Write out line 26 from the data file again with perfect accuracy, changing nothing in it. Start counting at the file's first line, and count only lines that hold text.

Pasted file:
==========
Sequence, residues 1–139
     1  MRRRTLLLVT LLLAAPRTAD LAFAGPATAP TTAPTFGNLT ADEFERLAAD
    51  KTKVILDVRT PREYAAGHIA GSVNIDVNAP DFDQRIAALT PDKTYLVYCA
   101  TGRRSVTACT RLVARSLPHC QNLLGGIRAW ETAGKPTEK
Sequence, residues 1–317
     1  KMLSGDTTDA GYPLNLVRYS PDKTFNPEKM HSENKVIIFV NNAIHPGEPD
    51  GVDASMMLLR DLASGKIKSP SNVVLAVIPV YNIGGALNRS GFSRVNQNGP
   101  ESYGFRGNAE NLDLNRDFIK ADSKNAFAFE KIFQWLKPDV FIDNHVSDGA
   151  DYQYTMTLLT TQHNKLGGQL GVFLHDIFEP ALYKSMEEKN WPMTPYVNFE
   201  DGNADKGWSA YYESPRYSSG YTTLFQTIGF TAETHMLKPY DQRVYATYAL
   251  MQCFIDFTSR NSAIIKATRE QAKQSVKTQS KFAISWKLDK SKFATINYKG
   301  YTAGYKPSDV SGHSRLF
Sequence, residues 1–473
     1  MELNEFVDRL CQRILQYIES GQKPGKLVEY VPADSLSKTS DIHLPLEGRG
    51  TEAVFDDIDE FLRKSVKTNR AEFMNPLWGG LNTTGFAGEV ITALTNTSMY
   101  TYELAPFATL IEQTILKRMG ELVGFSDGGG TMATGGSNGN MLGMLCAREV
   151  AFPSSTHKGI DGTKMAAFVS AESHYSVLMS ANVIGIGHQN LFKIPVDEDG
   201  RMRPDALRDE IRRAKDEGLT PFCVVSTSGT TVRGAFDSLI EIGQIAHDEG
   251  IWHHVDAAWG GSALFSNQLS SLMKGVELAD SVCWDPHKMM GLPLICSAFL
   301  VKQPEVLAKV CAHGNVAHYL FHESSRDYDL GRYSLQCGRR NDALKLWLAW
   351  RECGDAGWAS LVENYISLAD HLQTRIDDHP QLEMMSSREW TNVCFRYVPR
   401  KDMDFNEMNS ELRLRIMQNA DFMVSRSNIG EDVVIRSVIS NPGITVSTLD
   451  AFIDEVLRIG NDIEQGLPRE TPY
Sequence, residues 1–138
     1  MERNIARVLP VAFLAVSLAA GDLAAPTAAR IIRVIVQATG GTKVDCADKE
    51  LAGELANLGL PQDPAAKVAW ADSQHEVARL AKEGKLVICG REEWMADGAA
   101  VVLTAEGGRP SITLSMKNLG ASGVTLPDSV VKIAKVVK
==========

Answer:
    51  LAGELANLGL PQDPAAKVAW ADSQHEVARL AKEGKLVICG REEWMADGAA